Missouri State University
Springfield - 91.1
Branson - 90.5
West Plains - 90.3
Mountain Grove - 88.7
Joplin - 98.9
Neosho - 103.7
Share |

Articles in Health

Patients undergoing chemotherapy need to eat to stay strong. But the drugs can cause nausea and damage taste buds. New flavors and spices can help a lot, a chef says.


Fort Hood shooting victims were taken last week to the Scott and White Memorial Hospital, the same one that victims of the 2009 shooting. NPR's Rachel Martin speaks with Trauma Director Dr. Matthew Davis.

It's hard to get people to change their health behaviors for the better. Would putting drawings of simple health truisms on a pack of cards help? One creative tech geek wants to find out.

Graze the Roof is a community-produced garden that grows vegetables on the rooftop of a church in San Francisco.

More and more city dwellers are trying their hand at urban gardening. Most know to be wary of lead in their soil, a report finds, but they're clueless about how to avoid other types of contaminants.

Table Rock Lake

Four out of every five people in the Ozarks believe the area’s drinking water is good or very good. That’s the result of a study recently commissioned by Ozarks Water Watch, a local not-for-profit water quality foundation. KSMU's Scott Harvey has more.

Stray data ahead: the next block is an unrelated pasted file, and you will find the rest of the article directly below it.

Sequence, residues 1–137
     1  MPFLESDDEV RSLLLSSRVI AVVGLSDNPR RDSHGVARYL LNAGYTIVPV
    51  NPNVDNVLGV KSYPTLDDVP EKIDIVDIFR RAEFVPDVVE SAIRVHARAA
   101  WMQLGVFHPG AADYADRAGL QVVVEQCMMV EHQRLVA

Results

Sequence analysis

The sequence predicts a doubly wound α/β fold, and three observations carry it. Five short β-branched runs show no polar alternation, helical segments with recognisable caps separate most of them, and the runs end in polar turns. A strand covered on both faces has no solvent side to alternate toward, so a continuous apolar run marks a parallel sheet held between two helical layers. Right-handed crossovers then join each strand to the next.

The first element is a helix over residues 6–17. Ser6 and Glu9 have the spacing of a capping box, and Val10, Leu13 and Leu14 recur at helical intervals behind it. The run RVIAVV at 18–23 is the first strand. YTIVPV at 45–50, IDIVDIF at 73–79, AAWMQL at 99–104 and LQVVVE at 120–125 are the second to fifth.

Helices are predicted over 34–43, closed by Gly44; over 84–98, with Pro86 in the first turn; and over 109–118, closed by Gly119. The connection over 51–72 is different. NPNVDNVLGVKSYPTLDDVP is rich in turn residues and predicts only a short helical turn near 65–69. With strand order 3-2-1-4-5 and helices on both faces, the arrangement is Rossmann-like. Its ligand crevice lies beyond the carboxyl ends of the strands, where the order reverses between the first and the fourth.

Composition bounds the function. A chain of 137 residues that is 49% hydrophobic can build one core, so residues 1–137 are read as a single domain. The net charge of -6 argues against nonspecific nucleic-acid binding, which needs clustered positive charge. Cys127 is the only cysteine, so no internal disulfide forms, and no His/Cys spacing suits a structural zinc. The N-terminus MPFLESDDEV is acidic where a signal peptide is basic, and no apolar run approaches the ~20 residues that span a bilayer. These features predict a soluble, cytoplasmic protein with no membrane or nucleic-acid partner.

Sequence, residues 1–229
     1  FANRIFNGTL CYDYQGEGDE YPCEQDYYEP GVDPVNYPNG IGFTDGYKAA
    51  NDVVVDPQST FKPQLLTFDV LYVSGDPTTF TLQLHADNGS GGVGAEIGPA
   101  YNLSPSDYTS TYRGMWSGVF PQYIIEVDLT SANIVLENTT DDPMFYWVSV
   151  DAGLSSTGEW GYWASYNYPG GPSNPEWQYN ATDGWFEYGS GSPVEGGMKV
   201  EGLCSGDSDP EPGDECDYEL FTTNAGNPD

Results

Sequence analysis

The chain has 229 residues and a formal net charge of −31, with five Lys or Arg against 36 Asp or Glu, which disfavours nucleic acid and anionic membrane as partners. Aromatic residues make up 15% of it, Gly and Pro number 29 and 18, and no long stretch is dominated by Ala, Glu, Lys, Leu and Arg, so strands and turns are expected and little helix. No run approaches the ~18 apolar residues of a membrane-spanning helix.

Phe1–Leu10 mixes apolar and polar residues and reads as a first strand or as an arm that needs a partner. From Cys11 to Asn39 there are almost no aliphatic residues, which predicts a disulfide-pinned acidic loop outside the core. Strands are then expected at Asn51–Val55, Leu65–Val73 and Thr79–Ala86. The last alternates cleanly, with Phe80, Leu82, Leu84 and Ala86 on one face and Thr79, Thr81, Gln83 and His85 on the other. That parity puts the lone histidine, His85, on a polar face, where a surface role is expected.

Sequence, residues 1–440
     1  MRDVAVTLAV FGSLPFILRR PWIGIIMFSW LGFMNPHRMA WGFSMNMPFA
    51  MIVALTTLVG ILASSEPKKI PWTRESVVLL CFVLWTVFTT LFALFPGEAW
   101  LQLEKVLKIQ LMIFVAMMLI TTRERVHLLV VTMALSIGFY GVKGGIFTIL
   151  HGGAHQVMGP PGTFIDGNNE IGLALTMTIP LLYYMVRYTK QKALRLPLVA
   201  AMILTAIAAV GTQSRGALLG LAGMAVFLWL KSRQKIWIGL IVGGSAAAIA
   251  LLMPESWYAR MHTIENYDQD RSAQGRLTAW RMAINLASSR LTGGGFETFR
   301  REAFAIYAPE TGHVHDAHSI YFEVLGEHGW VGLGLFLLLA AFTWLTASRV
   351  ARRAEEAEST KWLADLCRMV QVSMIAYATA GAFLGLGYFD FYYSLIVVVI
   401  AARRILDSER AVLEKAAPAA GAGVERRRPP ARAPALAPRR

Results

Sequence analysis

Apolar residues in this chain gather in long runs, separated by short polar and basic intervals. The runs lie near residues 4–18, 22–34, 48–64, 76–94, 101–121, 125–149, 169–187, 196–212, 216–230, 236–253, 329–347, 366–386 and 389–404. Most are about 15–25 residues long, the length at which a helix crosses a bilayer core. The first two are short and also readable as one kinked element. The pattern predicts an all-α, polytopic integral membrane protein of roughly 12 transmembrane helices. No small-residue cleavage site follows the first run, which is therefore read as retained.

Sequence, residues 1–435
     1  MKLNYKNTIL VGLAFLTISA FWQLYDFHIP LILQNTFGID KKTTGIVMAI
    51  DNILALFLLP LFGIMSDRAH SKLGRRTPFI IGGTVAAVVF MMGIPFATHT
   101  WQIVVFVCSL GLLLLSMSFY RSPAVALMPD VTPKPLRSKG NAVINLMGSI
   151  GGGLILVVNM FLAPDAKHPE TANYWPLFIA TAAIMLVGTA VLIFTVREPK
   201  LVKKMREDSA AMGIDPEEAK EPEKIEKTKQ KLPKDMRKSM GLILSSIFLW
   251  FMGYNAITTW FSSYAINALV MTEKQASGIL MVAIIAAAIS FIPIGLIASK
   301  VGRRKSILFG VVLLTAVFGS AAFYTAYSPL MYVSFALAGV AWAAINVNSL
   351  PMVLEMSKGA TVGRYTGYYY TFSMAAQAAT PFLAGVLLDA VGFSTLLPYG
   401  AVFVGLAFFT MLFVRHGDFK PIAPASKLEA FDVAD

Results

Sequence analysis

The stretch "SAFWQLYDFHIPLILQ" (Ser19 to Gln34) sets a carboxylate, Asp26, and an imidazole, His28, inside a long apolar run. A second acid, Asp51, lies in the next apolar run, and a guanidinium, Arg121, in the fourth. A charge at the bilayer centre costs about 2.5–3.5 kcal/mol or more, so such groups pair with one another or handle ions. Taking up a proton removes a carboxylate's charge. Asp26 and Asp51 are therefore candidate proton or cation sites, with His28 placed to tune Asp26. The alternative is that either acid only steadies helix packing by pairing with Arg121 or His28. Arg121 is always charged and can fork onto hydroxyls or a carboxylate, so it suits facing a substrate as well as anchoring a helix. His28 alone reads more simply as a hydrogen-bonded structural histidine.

Marideth Sisco

In this segment of These Ozarks Hills, Marideth Sisco reflects on two of her more notoriuos relatives from days gone by, and how the spunky, spirited blood that ran through their veins is her own, too.

Clubgoers prize Special K's hallucinogenic experience. But scientists like it better as a depression treatment.

Ketamine is a popular hallucinogenic club drug, but it's increasingly being studied as a fast-acting treatment for severe, treatment-resistant depression.

SPS Emergnecy Gift

As severe weather season heats up, local entities are teaming with Springfield Public Schools to equip every classroom in the district with emergency preparedness kits. KSMU’s Scott Harvey has more.

The mass shooting at Fort Hood, the second at the same Army base in just five years, is renewing questions about the state of mental health treatment on U.S. military bases.